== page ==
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Realignment Today: 3:27 p.m. - The latest on where Mizzou stands. Didn't you miss this?
Good afternoon and welcome to another week of conference realignment madness.
While things have calmed substantially in terms of where Kansas University might be headed — it’s clear that the Jayhawks are staying in the Big 12 — the threat of realignment still looms and currently seems to be affecting at least three other conferences, perhaps more.
Just as they like it, the Missouri Tigers are at the center of this latest round and they have been for quite some time. In case you haven’t cared, haven’t paid close attention or simply haven’t noticed, here’s a quick recap of what Mizzou has been up to.
• Summer 2010 — The Tigers openly flirt with their dream league, the Big Ten, sparking a string of realignment unlike any we’ve ever seen. The end result sent Colorado to the Pac-10 and Nebraska to the Big Ten and left the Big 12 with 10 teams.
• Early August 2011 — After talk of Texas A&M to the SEC turned serious, the Tigers were rumored to be one of the SEC’s targets for a 14th school.
• Late August 2011 — Despite the rumors continuing to fly, Missouri chancellor Brady Deaton and athletic director Mike Alden remain committed to the Big 12 and, in many ways, serve as the face of the fight to save the league.
• Mid-September 2011 — The Big 12 is saved, thanks largely to the Pac-12 deciding against expansion and everyone believes it’s time to move on with a new commissioner and a unified league. Everyone except Missouri.
• Early October 2011 — After Deaton resigns his post as the chairman of the Big 12 board of directors, Missouri curators authorize Deaton to act on behalf of the university in any future realignment discussions.
And, with that, we’re caught up. Taking last summer’s episode out of the equation, the prevailing thought from those I’ve spoken with throughout the league has been that Missouri was going to stay and was simply just soaking up its time in the spotlight. As the days and weeks went by, however, those feelings, which started out close to 100 percent, slowly weakened. After each move or announcement Missouri made, the percentage would dip.
It reached its lowest point during conversations last week, in which multiple sources said it’s now 50-50 for the Tigers to stay or go.
Although that news seems to be ominous for the future of the KU-MU rivalry, it actually won’t do much to harm the league. Is the Big 12 better with Missouri in it? Perhaps. But will the league be crippled if the Tigers leave? Nope. They proved that by adding TCU despite Missouri’s uncertainty. And, if MU leaves, they’ll add another team or three and be just fine.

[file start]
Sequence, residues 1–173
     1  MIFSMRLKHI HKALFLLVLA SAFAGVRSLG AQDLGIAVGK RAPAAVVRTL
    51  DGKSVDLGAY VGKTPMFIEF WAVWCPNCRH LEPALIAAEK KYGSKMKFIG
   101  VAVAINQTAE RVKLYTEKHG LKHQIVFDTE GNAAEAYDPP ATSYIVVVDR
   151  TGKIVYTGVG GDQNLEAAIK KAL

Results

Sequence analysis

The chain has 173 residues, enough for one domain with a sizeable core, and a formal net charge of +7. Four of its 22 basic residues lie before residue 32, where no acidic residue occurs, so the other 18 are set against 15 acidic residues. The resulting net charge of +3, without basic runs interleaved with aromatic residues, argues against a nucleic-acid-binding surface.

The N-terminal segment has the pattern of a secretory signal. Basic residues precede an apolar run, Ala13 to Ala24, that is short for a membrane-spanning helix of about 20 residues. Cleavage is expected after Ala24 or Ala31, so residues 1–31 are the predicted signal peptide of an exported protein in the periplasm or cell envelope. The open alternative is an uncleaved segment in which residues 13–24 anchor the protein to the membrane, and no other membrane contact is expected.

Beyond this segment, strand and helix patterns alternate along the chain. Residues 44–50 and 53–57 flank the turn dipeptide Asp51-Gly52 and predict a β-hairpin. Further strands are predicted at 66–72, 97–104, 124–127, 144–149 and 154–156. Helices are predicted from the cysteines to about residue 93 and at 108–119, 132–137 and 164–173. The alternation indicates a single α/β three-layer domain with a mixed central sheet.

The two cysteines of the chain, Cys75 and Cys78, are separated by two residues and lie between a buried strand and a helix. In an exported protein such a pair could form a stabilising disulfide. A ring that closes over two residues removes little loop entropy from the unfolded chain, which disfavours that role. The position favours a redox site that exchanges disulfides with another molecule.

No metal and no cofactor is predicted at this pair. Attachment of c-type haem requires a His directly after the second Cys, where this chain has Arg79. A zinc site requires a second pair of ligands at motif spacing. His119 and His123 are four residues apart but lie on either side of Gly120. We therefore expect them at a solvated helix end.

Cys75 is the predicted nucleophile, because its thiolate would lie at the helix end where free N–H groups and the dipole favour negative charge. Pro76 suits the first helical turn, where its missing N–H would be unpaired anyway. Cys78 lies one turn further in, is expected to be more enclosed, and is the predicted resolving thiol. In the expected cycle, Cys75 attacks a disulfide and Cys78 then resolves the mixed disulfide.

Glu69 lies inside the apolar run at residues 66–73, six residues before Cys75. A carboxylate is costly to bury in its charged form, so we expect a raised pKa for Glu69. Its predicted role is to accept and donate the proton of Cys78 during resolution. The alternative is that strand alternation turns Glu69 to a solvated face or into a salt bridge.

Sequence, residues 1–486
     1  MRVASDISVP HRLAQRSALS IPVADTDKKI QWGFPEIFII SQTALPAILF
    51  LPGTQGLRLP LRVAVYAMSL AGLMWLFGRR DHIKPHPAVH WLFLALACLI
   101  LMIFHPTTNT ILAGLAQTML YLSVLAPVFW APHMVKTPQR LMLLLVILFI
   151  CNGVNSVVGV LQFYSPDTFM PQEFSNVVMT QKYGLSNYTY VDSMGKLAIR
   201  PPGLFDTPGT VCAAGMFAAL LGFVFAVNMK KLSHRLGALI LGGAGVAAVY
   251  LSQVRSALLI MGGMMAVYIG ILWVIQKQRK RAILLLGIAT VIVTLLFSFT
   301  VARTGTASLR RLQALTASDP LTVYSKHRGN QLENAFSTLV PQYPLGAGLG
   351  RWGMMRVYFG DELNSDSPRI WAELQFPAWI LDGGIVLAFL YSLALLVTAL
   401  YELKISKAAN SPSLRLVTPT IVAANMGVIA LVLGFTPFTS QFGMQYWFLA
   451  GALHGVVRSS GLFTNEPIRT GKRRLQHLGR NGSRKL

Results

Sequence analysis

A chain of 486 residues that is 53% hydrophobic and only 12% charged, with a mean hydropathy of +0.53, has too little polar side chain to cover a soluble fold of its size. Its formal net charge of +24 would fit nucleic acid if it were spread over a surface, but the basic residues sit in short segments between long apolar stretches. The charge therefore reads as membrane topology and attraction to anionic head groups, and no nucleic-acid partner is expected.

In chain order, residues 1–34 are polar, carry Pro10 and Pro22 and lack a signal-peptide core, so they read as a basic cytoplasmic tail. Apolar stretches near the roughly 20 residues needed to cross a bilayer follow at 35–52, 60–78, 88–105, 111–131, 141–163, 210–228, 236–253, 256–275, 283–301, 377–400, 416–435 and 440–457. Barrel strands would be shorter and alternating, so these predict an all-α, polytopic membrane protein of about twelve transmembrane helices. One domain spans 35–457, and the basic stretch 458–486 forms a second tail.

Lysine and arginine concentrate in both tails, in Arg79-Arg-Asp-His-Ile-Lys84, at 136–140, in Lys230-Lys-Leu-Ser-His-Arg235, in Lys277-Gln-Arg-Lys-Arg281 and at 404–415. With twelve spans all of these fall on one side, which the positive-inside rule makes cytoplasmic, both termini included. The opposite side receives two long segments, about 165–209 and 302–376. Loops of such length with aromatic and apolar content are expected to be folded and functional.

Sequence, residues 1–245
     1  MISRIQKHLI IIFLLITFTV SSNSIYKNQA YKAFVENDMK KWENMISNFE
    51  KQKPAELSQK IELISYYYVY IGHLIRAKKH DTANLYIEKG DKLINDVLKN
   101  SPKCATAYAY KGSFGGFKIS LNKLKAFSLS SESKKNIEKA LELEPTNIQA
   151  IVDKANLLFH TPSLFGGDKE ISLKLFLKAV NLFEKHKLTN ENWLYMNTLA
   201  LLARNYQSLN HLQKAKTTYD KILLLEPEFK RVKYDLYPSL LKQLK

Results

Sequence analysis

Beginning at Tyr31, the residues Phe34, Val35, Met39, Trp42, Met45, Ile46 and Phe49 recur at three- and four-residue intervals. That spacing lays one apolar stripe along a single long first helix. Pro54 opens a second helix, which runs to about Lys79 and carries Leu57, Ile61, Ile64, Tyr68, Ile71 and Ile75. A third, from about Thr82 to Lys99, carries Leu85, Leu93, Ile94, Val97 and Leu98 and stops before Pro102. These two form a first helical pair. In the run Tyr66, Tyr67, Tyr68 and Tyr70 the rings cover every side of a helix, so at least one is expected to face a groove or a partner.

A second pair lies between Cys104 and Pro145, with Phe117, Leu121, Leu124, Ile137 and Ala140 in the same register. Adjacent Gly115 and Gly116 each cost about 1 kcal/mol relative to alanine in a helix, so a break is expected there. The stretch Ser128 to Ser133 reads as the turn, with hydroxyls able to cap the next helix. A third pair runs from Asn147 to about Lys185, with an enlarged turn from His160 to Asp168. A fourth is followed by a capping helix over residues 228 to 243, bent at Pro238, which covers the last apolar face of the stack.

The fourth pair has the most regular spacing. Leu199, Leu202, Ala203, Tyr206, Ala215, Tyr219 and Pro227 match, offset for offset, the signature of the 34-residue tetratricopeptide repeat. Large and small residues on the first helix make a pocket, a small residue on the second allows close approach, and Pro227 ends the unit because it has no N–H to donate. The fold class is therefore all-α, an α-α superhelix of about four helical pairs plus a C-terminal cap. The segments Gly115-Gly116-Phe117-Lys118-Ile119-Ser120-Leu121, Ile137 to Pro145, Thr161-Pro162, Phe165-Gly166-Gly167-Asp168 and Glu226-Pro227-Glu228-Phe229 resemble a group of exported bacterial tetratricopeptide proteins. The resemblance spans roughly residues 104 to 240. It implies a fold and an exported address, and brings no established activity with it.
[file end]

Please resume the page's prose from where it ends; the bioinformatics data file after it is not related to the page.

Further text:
That’s the part of this whole equation that doesn’t quite add up. Sure, Missouri is a valued member of the Big 12 and one that the league would like to keep. But it seems to me — and to others — that the Tigers are overvaluing their place in all this.
Maybe that comes from the SEC reaching out and asking them to join. Maybe the Tigers got big heads when they heard that someone else wanted them and they haven’t been thinking right ever since.
Forget what the Tigers’ departure would do to the Border War or the rest of the conference. Kansas City stands to be the biggest loser in all this, and it’s quite clear that the Tigers — at least the ones who are making this decision — don’t really care. No more Big 12 tournament, no more conference affiliation, no more city divided. Just a bunch of KU fans, with a smattering of purple and a handful of misplaced and abandoned supporters of the black and gold.
Those who cover Mizzou a lot more closely than I do seem to think it’s only a matter of time now.
This report, from Mr. SEC, quotes Mizzou’s Rivals.com site, PowerMizzou.com, as saying the ball could be rolling on a move by the end of the week.
And here’s a good take from The Oklahoman’s Berry Tramel on how Mizzou’s decision impacts future Big 12 expansion.
The bottom line is this: We’ve reached the point where people are ready for Missouri to do whatever it’s going to do. If they’re leaving, great, get on with it, go. If they’re staying, stop making this about you and jump on board with the rest of the league in its effort to move forward.
The official paperwork on the granting of television rights is expected to be signed soon. After the nine schools on board in the Big 12 sign it, it will be sent to Columbia, Mo., and will act as an ultimatum of sorts.
It’s not the strongest move the Big 12 could make. But it may be the smartest.
The question that now lingers is if the Tigers will make a move before they even receive the paperwork.